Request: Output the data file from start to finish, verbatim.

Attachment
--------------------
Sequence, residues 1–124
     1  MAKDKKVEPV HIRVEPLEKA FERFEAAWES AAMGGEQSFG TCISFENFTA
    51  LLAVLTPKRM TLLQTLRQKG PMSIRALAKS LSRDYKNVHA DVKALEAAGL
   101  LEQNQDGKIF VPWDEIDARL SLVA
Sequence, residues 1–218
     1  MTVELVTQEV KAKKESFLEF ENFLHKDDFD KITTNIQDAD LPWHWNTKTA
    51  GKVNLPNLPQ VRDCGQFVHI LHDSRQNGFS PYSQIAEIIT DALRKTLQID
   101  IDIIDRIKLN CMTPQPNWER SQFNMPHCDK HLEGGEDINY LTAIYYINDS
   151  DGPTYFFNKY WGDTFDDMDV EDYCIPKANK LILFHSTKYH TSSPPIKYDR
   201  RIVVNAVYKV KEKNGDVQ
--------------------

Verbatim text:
Sequence, residues 1–124
     1  MAKDKKVEPV HIRVEPLEKA FERFEAAWES AAMGGEQSFG TCISFENFTA
    51  LLAVLTPKRM TLLQTLRQKG PMSIRALAKS LSRDYKNVHA DVKALEAAGL
   101  LEQNQDGKIF VPWDEIDARL SLVA
Sequence, residues 1–218
     1  MTVELVTQEV KAKKESFLEF ENFLHKDDFD KITTNIQDAD LPWHWNTKTA
    51  GKVNLPNLPQ VRDCGQFVHI LHDSRQNGFS PYSQIAEIIT DALRKTLQID
   101  IDIIDRIKLN CMTPQPNWER SQFNMPHCDK HLEGGEDINY LTAIYYINDS
   151  DGPTYFFNKY WGDTFDDMDV EDYCIPKANK LILFHSTKYH TSSPPIKYDR
   201  RIVVNAVYKV KEKNGDVQ